Parts of this post are hidden and contain graphic recollections of cadaver dissection. 12/2/11 was my last day of dissection. (I'll go into lab to study for the test a week from today, but I will never again take scalpel, probe, forceps, scissors, box saw, chisel, spoon, baster, or hand to a cadaver again.) We dissected the oral and nasal cavities by hemisecting the head. My partner actually broke a hand saw while dividing the bone. As we were washing our instruments and closing our tank, Semisonic's "Closing Time" came on (we almost always listen to music, courtesy of Pandora, during lab).
How wrong this has seemed! Only my facade has changed over the past five months. Fascinating? Yes. Disturbing? Yes. I am grateful to be through with it. Another thing I am grateful for: I was told it was inevitable to dream about one's cadaver, but this did not happen to me.
I dreamt I was a cadaver and I also dreamt of dead children coming to me and holding my hands, but I never dreamt about my cadavers.)
In the past five months, I have watched twenty persons' bodies be picked down to ghoulish parts. Much of what horrified me were cuts to bone, as we sawed off a leg to see a hemisected pelvis. But not everything awful was orthopedic: we cut little vertical slits below the lower eyelids, like the makeup on a mime, to see intraocular muscles.
I did not like opening ribcages like mailboxes, cutting out organs, peeling off skin like old linoleum. I did not like to hear people calling parts of bodies "junk" and "crap." I did not like some of the music they played in lab (I marched to the front of the room and skipped a track from Rocky Horror Picture Show once.) I hated the way people spoke about this body or that—"the old girl was well-fed," or "that's just sad" (male external genitalia dissection). I hated the sound of saws, the smell of open bone, the stench of preservatives, the stinging hands and eyes. I will try to forget holding skeletal hands and arms that bent back from rigor mortis; I will try to forget emptying the rectum; I will try to forget our penultimate cadaver molded and the bleach added to the smell.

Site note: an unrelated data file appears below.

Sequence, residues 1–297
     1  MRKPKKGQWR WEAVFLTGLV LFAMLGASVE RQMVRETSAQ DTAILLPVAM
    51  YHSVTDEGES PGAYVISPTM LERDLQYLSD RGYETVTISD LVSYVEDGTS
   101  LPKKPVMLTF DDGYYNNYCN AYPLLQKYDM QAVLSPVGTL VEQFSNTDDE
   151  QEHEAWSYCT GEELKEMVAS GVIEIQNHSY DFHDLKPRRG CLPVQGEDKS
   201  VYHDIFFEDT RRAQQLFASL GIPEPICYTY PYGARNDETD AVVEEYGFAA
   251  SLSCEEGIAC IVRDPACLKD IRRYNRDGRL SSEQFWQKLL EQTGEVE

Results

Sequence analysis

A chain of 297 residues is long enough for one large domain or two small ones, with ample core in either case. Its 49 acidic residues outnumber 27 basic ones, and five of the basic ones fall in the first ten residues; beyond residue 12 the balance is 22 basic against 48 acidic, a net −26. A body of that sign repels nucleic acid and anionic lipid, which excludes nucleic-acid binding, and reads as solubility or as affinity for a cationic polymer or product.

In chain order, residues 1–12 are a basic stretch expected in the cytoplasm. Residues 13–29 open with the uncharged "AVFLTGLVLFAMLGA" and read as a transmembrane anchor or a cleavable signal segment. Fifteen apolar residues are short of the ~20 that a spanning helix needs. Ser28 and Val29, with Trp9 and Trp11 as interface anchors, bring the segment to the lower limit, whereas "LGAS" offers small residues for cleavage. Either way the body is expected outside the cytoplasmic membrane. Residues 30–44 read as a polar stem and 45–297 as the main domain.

And I will be all right. Oddly, I like to dissect: to cut is fun, to clean is satisfying. (To stitch is wonderful, but we didn't do that in class.) But I thank God it is finished.
Today (12/9/11) was our last exam in our anatomy class. I walked out of the lab at about 5:00pm in a mix of fatigue and shock, unable to feel the emotions I had built up for that moment. Again, although I might not feel much, I reiterate: Deo gratias!
Partes huius celatae sunt, quia recollectiones dissectionis cadaveris pavefactae continent. Ut articulus in toto videre, vise legem parentem. Ad fraterculos meos: non id legere...mox id vobis intimabo.